5. Missing exemptions or issues with exempt sales

Depending on the item, the customer, and the intended use, something normally subject to sales tax might be exempt. All exempt sales must be documented properly. If you’re missing exemption certificates, or the ones you have are out of date or invalid, an auditor will notice.

Sales tax holidays can complicate compliance for business owners too. More than 20 states have tax-free weekends for things like school supplies, energy efficient appliances, and disaster relief purchases. You should be aware of upcoming tax holidays in your state and plan accordingly.

 

6. Getting use tax wrong

Whereas most business owners are familiar with sales tax, use tax is another beast entirely, and is often overlooked. Use tax applies to taxable goods or services that are used or stored in a jurisdiction, when sales tax wasn’t applied at the point of sale. Like everything in tax, use tax has to be properly documented.

Businesses are responsible for reporting use tax on items consumed in the course of business. A sales and use tax audit will determine whether you’ve been paying or remitting the right amount of taxes and keeping appropriate documentation. Learn more about use tax and some of the ways it complicates tax compliance.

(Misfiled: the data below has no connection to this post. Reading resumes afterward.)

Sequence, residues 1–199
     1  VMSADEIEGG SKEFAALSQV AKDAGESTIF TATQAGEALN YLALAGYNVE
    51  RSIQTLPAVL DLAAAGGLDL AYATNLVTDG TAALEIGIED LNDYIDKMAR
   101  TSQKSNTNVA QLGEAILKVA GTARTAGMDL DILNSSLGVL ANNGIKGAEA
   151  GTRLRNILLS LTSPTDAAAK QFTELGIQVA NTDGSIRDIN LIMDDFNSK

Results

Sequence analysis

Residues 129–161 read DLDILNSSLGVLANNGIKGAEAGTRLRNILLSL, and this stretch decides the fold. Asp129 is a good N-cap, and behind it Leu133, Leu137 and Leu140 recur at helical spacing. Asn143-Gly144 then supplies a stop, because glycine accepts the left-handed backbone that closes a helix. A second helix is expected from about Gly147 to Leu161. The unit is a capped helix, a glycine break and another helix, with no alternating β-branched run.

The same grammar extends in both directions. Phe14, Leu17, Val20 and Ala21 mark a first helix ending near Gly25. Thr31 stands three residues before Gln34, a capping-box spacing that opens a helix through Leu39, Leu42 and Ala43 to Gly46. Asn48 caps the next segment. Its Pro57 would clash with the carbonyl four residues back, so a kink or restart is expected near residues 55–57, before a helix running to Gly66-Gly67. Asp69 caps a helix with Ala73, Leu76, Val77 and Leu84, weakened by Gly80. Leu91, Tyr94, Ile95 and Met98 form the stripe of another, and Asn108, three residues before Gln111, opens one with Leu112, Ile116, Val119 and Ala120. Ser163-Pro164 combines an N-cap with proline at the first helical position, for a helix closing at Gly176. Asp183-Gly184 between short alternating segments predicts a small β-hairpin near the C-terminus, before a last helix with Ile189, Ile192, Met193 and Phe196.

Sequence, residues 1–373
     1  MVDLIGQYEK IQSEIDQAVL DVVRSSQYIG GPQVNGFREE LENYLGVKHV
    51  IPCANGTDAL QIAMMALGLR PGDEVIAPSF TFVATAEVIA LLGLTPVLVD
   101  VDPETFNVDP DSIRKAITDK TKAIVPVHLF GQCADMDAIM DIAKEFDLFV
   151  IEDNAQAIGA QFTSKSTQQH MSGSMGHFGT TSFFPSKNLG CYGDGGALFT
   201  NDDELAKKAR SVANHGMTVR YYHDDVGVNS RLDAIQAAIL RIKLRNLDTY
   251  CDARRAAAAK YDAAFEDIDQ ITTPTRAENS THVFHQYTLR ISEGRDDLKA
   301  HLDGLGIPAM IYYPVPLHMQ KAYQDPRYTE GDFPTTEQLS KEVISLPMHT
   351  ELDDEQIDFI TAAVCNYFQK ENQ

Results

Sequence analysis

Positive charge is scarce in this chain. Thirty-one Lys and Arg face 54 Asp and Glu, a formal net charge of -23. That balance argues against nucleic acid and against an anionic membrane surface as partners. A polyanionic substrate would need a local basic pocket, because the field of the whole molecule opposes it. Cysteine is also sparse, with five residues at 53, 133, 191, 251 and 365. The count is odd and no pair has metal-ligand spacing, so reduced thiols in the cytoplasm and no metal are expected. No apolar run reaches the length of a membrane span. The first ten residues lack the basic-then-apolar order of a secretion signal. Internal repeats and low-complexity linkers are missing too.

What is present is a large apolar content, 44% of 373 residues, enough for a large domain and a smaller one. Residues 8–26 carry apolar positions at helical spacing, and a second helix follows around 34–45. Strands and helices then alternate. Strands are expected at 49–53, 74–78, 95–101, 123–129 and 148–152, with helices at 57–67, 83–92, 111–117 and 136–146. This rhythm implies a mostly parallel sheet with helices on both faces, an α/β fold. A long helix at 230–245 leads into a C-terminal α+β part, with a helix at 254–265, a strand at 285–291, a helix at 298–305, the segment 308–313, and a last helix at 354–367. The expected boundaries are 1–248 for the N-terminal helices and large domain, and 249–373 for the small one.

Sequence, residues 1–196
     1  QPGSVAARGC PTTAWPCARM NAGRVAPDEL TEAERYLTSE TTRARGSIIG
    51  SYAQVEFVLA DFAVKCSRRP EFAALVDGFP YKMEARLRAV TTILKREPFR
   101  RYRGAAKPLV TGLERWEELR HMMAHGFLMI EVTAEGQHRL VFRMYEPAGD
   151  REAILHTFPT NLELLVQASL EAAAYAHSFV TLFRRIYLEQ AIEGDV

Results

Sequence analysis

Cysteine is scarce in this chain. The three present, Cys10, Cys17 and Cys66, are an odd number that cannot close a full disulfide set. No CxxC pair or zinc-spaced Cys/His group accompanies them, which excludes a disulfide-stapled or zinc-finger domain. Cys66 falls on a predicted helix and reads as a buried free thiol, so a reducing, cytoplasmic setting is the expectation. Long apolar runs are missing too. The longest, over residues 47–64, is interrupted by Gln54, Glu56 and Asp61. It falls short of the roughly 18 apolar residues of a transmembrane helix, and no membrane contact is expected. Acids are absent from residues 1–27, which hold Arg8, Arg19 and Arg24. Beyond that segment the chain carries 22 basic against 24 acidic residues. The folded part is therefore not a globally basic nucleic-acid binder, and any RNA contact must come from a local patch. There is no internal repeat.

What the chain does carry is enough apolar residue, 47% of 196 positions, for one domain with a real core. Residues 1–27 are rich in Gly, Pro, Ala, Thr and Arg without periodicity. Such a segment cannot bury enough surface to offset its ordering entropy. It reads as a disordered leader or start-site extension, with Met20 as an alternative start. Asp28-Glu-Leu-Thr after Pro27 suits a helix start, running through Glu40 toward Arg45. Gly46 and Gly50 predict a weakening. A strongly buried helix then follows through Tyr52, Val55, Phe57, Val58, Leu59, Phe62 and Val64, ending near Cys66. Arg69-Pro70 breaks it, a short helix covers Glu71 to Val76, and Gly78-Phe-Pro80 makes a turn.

How long does a sales tax audit take?

A sales tax audit typically takes a few months to complete. That can feel like a long time for your daily operations to be interrupted, but if you’re adequately prepared and have the proper documentation handy, the process might go faster.

Who can help me with an audit?

If you’ve never been through an audit before, it can be beneficial to hire a lawyer or tax professional who specializes in audits to guide you through the process.

What happens if I fail a sales tax audit?

Sometimes an auditor will discover oversight or even substantial noncompliance on your part, and you’ll be required to pay up. This includes paying all past due taxes, plus penalties and interest to tax authorities. There’s even a risk of criminal charges, though that outcome is rare.

How automation can help

While there’s no way to avoid audits entirely, the best way to prepare your business for an audit is to take the guesswork and risk of human error out of tax compliance by using an automated solution.

Avalara has solutions to help you handle every part of the tax compliance process — automating sales and use tax calculations, filing returns and remitting payment, and managing exemption certificates — to give you a huge advantage over manual bookkeeping practices when state auditors come calling.